This past week, I had an opportunity to sit in on several Photography Portfolio Reviews with students at the Art Institute of Washington. The Institute has a great photographic imaging program that was built from the ground up, not one refitted onto a traditional photography program. It was odd not smelling fixer as I walked through its hallways. These students have all of the latest hardware and software at their disposal. It was interesting to see that with all this technology and a terrific faculty in place they were still like the students I had at Howard University back in the 1980s & 90s! No comment on my high school art students at the Ellington School of the Arts during the past ten years! So, nothing really changed except the tools they were inundated with learning. Very interesting.
When going over the work of these students and in conversation with them, I thought back on a couple of students I worked with as a freelance instructor for Panasonic’s Digital Photo Academy. These were two guys were my peers in age that loved photography, and just kinda did it “on the side”. I was teaching or instructing an Advance Photography class from 9:00AM to 5:00PM. After a brief introduction at Starbucks, I took them to the National Cathedral here in Washington, DC. We shot for six hours straight, with no break! Six hours without any whining, just non-stop photography.
They asked a lot of questions about photography, as well as, telling lots of stories about their photographic and non-photographic lives. As photo enthusiast, that brought all of their photo equipment, so they could be “ready” for anything. The first thing I did was to have them travel light. No more than two lenses and a tripod. They were amazed that the only camera I brought my Panasonic LX3. But I also brought some Lensbaby stuff for them to use and my laptop. We never even used that Lensbaby stuff, no time, they were in The Zone.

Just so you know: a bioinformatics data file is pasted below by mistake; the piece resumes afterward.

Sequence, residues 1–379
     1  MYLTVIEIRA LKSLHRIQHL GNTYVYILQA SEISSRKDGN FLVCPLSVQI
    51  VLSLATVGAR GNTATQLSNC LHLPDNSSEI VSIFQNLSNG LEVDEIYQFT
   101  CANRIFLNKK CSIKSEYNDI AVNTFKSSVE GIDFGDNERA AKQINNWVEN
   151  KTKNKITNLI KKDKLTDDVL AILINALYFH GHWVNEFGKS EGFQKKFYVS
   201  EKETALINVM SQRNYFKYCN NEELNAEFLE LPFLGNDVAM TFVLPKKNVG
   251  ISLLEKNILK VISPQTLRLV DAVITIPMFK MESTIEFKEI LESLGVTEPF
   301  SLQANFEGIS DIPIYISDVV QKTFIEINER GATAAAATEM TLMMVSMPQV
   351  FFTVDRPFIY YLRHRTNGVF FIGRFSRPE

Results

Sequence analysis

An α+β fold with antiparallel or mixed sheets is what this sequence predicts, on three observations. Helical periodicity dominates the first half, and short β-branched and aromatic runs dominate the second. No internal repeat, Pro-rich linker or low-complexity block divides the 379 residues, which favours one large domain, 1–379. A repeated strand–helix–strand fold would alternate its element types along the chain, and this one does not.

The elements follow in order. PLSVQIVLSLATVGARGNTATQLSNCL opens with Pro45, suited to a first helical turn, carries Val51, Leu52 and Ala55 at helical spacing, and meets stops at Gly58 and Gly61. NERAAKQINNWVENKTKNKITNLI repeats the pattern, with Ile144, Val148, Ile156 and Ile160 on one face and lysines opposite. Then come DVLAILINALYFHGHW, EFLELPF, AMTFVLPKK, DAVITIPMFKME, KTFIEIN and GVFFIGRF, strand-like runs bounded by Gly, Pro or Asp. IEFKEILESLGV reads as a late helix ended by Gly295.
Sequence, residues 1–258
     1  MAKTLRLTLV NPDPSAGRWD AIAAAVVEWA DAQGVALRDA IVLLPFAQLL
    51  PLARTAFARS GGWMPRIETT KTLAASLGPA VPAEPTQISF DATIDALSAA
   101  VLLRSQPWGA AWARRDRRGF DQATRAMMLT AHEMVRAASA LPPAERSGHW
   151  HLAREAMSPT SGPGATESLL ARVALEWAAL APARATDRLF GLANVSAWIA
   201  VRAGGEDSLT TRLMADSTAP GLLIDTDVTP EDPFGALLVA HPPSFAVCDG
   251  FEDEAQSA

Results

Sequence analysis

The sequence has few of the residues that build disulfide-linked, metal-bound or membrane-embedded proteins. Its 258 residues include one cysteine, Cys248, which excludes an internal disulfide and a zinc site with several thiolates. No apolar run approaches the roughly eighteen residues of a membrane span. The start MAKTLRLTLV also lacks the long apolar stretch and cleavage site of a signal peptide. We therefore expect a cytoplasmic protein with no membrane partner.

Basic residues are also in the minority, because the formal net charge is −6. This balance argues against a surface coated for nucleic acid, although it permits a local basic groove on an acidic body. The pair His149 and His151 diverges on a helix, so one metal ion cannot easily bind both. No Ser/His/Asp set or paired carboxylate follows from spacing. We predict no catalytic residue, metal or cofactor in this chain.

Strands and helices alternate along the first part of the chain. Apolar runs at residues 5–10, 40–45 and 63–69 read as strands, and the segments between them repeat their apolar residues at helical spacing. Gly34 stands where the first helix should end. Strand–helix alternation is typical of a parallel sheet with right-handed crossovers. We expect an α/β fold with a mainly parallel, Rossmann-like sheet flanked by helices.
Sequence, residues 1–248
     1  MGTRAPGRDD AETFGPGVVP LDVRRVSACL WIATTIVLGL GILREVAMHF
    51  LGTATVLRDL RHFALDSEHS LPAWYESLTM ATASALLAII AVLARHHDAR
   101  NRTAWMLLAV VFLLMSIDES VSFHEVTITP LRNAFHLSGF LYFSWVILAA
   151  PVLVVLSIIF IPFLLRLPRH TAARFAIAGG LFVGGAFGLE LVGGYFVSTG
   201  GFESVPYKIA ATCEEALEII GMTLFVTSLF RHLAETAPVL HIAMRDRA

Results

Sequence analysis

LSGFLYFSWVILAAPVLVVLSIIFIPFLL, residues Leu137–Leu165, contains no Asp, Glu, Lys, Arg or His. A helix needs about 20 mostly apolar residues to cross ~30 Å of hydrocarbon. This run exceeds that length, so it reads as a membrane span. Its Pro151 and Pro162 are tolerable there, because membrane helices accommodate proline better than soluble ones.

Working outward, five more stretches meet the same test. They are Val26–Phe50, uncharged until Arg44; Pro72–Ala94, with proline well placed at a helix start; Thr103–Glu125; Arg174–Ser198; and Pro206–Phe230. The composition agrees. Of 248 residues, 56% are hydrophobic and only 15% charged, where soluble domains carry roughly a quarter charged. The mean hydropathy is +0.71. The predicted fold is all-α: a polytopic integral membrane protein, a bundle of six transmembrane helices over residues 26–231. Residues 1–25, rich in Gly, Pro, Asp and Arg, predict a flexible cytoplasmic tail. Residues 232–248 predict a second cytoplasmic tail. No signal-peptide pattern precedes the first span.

At the end of the day we were in the Cathedral’s Observation Deck that has a great view of DC, Maryland, and Virginia! I pulled out my laptop and went over their photos, and showed a couple of very quick Photoshop processing tricks. Gave them both a “Goodies Disk”, like I get at Photoshop World, and a little “homework” assignment to make a Blurb book from their photos. Then we all limped off into the sunset. It was a great day of photography.
Those guys, Mike & Steve, were just the kind of Photography students you want. They love photography, and the gadgets and toys that come with it. Most of all they were open, I mean wide open, to the vocabulary of artist vision in hearing and listening to their creative voice. That’s something that the full time student doesn’t do, but the occasional student is actually hungry for. I commented to Mike about this, and his response was, “Hey, here you’re not babysitting! We want to learn.”
Well they’re ready for my Photoshop class, and so am I. I’m looking forward to my next photography classroom, filled with occasional students.